1. Maybe your dog wonât bite you.
But in 2013, 5500 of us were bitten, an average of 18 bites per delivery day. Thatâs why I wince when your Doberman comes flying out the door.
2. Remember this on Valentineâs Day:
It takes our machines longer to read addresses on red envelopes (especially if theyâre written in colored ink).
3. Why stand in line?
, you can buy stamps, place a hold on your mail, change your address, and apply for passports. We even offer free package pickup and free flat-rate envelopes and boxes, all delivered right to your doorstep.
4. Media Mail is a bargain!
But most of you donât know to ask for it. Sending ten pounds of books from New York City to San Francisco through Media Mail costs $6.95, compared with $24.77 for Standard Post. Besides books, use it to send manuscripts, DVDs, and CDs; just donât include anything else in the package.
5. We donât get a penny of your tax dollars.
6. UPS and FedEx charge you $10 or more...
...if you mess up an address. Us? Not a cent.
7. Paychecks, personal cards, lettersâ
anything that looks like good newsâI put those on top. Utility and credit card bills? They go under everything else.
8. Sorry if I seem like Iâm in a hurry,
but Iâm under the gun: Our supervisors tell us when to leave, how many pieces of mail to deliver, and when we should aim to be back. Then some of us scan bar codes in mailboxes along our route so they can monitor our progress.
9. Yes, we do have to buy our own stamps,
but a lot of us carry them for customers who need them. If we donât charge you, thatâs because we like you.
10. Use a ballpoint pen.
Ink from those felt tips runs in the rain.
11. Please dress properly when you come to the door.
A towel wrapped around you doesnât cut it. And we definitely donât want to see you in your underwearâor naked!
12. We serve 150 million addresses six days a week,
so weâre often in the right place at the right time. We pull people out of burning cars, catch burglars in the act, and call 911 to report traffic accidents, dead bodies, and more.
13. Most of us donât mind if you pull up to our trucks
while weâre delivering and ask for your mail a little early. But please get out of your car and come get it. Donât just put your hand out your window and wait for me to bring it to you.
14. Most of us love our jobs
and the people we serve. I met my wife and my best friend because I was their letter carrier.
15. We go to great lengths to deliver to every address,
no matter how remote. Thatâs why, in the most rural areas, even UPS and FedEx rely on us to make their final deliveries.
16. Those plants around your mailbox are beautiful,
but Iâd like them better if you kept them trimmed back.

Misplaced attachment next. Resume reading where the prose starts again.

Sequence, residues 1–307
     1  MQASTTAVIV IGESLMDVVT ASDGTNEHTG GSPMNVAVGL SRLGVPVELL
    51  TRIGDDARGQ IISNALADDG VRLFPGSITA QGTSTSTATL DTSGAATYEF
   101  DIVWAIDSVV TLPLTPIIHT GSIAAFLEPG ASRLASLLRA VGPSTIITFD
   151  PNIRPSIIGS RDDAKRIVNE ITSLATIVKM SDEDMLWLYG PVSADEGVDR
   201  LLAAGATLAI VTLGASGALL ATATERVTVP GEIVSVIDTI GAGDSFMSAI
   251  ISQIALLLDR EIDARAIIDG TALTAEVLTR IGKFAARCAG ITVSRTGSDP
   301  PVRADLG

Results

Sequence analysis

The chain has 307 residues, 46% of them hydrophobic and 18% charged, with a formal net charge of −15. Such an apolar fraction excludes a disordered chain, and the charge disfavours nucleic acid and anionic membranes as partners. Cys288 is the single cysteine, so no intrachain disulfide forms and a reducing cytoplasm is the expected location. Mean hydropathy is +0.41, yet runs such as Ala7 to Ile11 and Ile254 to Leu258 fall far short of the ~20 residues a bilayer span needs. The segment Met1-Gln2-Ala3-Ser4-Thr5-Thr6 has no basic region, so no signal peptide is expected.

17. Is it hot enough for me?
The heat index is 110 degrees. What do you think? (Instead of asking that, offer me a cold drink.)
18. Despite the âneither snow nor rain nor heat nor gloom of nightâ motto,
weâre instructed not to deliver to a mailbox if the snow and ice around it isnât cleared. Most of us take the motto to heart, though, and do our best to deliver in even the most hazardous conditions.
19. I have people who leave a letter in their box
and tape 49 cents in change to it. Iâll take it, but the next day Iâll be waiting in line like everyone else to buy you a stamp.
20. One day while delivering to a woman
who had been very sick, her daughter met me by the mailbox and asked me if I wanted to say goodbye to her mom. She was unconscious and didnât know that I was there, but I held her hand and said a silent prayer for her and her family. It wasnât even an hour later when another customer met me at his door. He was a new father, overjoyed, telling me that his wife had just given birth to his son. The whole cycle of life, in just one day.
21. Itâs a small thing that makes my job so much easier:
Please park your car in the driveway instead of in front of the mailbox.
22. If a letter has your name
but the number is wrong and it gets to you, thank your carrier. We still sort our mail before we hit the street.
23. If your carrier walks his route,
it would be nice if you would sweep or shovel your stairs when it snows.
24. Sometimes, when my wife and I are shopping or out to dinner,
I ask if they give discounts to people in the âservice.â They usually say âyes,â then ask âWhat branch are you in?â I reply, âpostal.â I usually get a funny look and a little snickerâ¦ I guess that means Iâm just going to have to wait for my senior-citizens discount.
Sources: Letter carriers in Missouri, New Jersey, and North Carolina; Fredric V. Rolando, president of the National Association of Letter Carriers; and a spokesman for the U.S. Postal Service.